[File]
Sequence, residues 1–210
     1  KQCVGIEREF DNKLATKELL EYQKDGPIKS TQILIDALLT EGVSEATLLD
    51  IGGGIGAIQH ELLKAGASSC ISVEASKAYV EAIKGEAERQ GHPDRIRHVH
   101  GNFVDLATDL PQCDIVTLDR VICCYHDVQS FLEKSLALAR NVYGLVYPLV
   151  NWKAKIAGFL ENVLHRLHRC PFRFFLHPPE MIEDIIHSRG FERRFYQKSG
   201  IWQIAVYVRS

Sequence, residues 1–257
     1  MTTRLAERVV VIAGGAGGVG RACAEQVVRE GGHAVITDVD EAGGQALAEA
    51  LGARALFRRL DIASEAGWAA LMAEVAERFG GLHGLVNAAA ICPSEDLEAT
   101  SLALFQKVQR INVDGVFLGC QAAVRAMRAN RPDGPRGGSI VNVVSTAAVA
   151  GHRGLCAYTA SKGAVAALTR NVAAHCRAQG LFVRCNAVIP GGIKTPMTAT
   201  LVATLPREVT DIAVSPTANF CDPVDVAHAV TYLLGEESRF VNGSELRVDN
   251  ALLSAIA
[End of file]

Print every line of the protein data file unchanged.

Sequence, residues 1–210
     1  KQCVGIEREF DNKLATKELL EYQKDGPIKS TQILIDALLT EGVSEATLLD
    51  IGGGIGAIQH ELLKAGASSC ISVEASKAYV EAIKGEAERQ GHPDRIRHVH
   101  GNFVDLATDL PQCDIVTLDR VICCYHDVQS FLEKSLALAR NVYGLVYPLV
   151  NWKAKIAGFL ENVLHRLHRC PFRFFLHPPE MIEDIIHSRG FERRFYQKSG
   201  IWQIAVYVRS

Sequence, residues 1–257
     1  MTTRLAERVV VIAGGAGGVG RACAEQVVRE GGHAVITDVD EAGGQALAEA
    51  LGARALFRRL DIASEAGWAA LMAEVAERFG GLHGLVNAAA ICPSEDLEAT
   101  SLALFQKVQR INVDGVFLGC QAAVRAMRAN RPDGPRGGSI VNVVSTAAVA
   151  GHRGLCAYTA SKGAVAALTR NVAAHCRAQG LFVRCNAVIP GGIKTPMTAT
   201  LVATLPREVT DIAVSPTANF CDPVDVAHAV TYLLGEESRF VNGSELRVDN
   251  ALLSAIA